+ - - - - - - - - - - - - - - - -
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Old 03-03-2011, 21:53   #1211
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Re: Cruising on $500 per Month . . .

Originally Posted by Skylark View Post
One of the main reasons that some people cannot cruise on $500 a month is alcohol.
you must be kidding no one would include alcohol in the 500 pm its $60 a slab in the AU that makes it 500 just on piss.
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Old 04-03-2011, 00:03   #1212
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Re: Dinghies

Originally Posted by goprisko View Post
Again, I'd like to bring the discussion back to topic.

I have seen a lot of dinks in my 20 years traveling the world, and all the RIBs have large motors on them, and spend a lot of time zooming everywhere. That is fine, but it is not cheap.

This thread is about FRUGALITY. FRUGAL IS CHEAP. FRUGAL means using a $25/ yr dink instead of a $750/yr dink. BECAUSE the frugal guy wants to use the $725/yr on something else.

If this doesn't make sense to you, perhaps you might hang out at the "Cruising on $2000/month" thread, where such folks live rather than on this "Micro-budget Cruising" thread.

Sorry mate, but I seriousely doubt that you ever did any micro budget cruising yourself. You're preaching water and drinking wine, just have a look at your own boat.
You're telling people to build Chameleon and how fast and cheap to build that is, showing thumb nails of your own project. This is completely misleading. I earned money with GRP, plywood and epoxy jobs and shifted to taking passengers because the work is dirty, itchy and very unhealthy, except you're wearing all the protective gear which is a pain in the *** in tropical climates. The finish you're showing off will be difficult to achieve by a professional in a week full time work, not to talk about someone who does not do this kind of work on a daily basis.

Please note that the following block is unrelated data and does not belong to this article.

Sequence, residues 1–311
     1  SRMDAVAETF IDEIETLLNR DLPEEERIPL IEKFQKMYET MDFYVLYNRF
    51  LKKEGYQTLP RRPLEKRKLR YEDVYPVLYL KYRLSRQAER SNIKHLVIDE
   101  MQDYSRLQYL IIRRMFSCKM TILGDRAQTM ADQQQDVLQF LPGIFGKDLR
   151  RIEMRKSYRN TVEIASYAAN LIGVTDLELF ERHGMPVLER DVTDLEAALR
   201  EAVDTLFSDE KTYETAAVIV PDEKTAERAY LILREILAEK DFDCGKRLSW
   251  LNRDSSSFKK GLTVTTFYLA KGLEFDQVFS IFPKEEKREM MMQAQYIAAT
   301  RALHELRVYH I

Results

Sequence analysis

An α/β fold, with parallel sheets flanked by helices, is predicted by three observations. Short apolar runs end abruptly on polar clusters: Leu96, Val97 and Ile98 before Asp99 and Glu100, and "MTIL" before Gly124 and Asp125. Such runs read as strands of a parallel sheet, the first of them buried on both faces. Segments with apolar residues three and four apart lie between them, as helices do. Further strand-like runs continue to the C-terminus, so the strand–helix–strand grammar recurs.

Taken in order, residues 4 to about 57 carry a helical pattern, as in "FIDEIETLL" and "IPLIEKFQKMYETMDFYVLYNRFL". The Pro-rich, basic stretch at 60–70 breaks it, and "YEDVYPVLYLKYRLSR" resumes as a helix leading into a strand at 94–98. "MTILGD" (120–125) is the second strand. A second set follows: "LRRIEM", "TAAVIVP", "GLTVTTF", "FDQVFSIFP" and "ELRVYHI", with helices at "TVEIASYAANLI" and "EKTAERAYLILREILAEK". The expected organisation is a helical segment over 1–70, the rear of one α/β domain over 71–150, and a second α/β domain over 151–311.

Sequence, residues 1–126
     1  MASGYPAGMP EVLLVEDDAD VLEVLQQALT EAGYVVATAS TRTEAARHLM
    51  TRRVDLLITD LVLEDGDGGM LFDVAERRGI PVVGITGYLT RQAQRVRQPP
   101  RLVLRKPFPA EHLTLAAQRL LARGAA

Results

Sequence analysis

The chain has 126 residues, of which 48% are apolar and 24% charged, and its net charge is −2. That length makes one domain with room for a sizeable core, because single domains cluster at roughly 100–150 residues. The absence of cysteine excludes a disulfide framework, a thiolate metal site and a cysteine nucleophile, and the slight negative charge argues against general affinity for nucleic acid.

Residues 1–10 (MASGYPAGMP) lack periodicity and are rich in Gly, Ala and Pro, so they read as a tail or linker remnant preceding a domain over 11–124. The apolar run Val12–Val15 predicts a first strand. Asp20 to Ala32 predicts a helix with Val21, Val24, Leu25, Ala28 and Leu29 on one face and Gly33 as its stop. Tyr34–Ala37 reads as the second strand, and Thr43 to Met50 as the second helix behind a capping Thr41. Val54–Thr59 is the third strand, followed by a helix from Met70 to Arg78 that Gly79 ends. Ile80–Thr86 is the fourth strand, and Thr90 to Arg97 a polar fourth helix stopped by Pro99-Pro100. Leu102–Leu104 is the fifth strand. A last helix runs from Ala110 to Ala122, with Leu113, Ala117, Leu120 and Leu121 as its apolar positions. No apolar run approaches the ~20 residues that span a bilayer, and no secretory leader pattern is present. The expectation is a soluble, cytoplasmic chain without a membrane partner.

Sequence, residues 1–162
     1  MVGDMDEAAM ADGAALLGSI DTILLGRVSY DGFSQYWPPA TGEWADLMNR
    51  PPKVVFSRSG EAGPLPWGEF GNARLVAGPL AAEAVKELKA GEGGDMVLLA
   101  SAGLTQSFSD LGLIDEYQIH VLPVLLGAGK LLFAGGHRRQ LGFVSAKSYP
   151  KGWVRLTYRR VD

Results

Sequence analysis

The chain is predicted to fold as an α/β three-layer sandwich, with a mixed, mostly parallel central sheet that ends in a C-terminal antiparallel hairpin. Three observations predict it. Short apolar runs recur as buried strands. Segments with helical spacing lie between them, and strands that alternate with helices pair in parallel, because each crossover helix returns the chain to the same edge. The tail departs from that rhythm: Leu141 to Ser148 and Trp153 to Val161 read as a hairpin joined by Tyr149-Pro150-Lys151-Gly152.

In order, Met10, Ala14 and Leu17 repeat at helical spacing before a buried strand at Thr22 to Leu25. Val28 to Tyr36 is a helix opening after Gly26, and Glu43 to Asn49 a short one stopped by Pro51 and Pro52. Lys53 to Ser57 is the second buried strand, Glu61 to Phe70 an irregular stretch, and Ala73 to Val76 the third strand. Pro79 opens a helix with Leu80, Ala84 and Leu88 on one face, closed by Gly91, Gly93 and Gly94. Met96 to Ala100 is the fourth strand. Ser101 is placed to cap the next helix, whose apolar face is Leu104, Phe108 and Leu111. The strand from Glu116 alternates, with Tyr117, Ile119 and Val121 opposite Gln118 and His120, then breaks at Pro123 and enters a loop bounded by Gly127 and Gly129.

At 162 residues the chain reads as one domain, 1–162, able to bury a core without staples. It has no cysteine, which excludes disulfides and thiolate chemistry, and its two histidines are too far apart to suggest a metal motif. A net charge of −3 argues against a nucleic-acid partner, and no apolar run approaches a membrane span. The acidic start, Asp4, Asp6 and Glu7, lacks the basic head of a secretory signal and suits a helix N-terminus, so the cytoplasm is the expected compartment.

How do you dream up those figures about the prices for a RIB? 6000$ and 750$/year? That's about as far off as your calculations about building boats, only in the other direction.

Then you're trying to convince people to build those wonderful 30footers.
Have you ever lived long term on such a small boat? Probably not, but you're trying to convince people to waste years of their lives and all their savings to build something which has a resale value below the price of the material. That Lapwing project is just frugality for the rich. Only the materials amount already to the price I've paid for my 40footer, not to mention, that in the price for Freedom Fargo was an almost new (300h) Yanmar 4JH2E included.
And even someone who has spent obviousely copious amounts of money on cruising should know that it's saving on the wrong end to buy used sails - in the quotation for the Lapwing project there are used sails in while you're warning of buying equipment with an almost infinite life span second hand.
When i fitted out Freedom Fargo for single handed long term cruising I bought two additional self tailing winches second hand for 80$ each. They are still working fine 10 years later and I expect easily another 10 years.

Like already someone else mentioned: Men are building boats because they can't give birth!